|Chaudhary Zaman (L), Pakistani home secretary, meets his Indian counterpart, GK Pillai (R), in New Delhi [Reuters]
India and Pakistan have begun their first formal peace talks since the 2008 Mumbai attacks, in a meeting that comes ahead of a seminal World Cup cricket match between the two countries.
Top officials from both nations met in the Indian capital New Delhi on Monday in a bid to repair relations between the nuclear rivals. Ties were broken off after 166 people were killed in a three-day shooting spree in Mumbai, which India has blamed on Pakistan-based fighters.
The talks are due to end on Tuesday, but the focus has already turned to Wednesday's World Cup cricket semi-final between the two old rivals after Manmohan Singh, the Indian prime minister, invited Yousuf Raza Gilani, the Pakistani prime minister, to the game.
Monday's talks were expected to prepare the groundwork for a ministerial meeting in July that would put issues like Kashmir, terrorism and trade on the negotiating table in what is known as the "composite dialogue".
The two countries, which have fought three wars since their independence from British rule in 1947, agreed in February to resume formal peace talks.
In a goodwill gesture ahead of the cricket match, Asif Ali Zardari, Pakistan's president, will also free an Indian national, Gopal Das, who has been in a Pakistani prison for 27 years as an alleged spy.
However, some Pakistanis are said to be sceptical that Singh is simply playing to his domestic audience and trying to distract from a string of corruption scandals that have effectively paralysed the Congress-led government.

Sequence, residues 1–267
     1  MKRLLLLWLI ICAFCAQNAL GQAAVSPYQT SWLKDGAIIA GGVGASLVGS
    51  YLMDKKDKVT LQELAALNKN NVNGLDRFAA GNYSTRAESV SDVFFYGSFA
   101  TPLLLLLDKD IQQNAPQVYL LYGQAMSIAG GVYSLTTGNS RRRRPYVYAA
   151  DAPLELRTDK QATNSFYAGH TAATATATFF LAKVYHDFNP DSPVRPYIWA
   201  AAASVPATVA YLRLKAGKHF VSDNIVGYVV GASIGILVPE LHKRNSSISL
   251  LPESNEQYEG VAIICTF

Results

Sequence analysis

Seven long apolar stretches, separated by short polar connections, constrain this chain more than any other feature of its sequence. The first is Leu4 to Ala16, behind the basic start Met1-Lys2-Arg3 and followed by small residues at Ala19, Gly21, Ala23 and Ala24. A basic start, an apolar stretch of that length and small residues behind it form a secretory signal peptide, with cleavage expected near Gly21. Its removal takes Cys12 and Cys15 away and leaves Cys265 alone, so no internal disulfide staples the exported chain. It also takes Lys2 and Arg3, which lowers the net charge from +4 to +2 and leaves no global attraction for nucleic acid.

"If the Indians have invited the prime minister and the president, there is no harm in going there, because this is a gesture," said Ejaz Haider, a Pakistani political analyst and contributing editor for Friday Times.
"But this gesture in itself is not going to result in any breakthrough in substantial terms."
Many Pakistanis also see little chance that the ruling Congress party is really interested in making peace overtures.
It is a risky issue for any Indian leader, one that wins few votes and would quickly backfire if there was another attack in India blamed on Pakistan.
India, for its part, has always been sceptical about peace talks with civilian leaders in Pakistan, who are overshadowed by a powerful military intelligence service and army.
But there may be new political winds blowing as the 78-year Singh, who was born in Pakistan before moving to India after partition in 1947, could secure his political legacy if he achieves peace with Pakistan.
Singh is threatened by months of corruption scams that have led the opposition to call for his resignation.
Pakistan is also facing an increasingly difficult regional environment as India's grows in influence with its traditional ally, the US.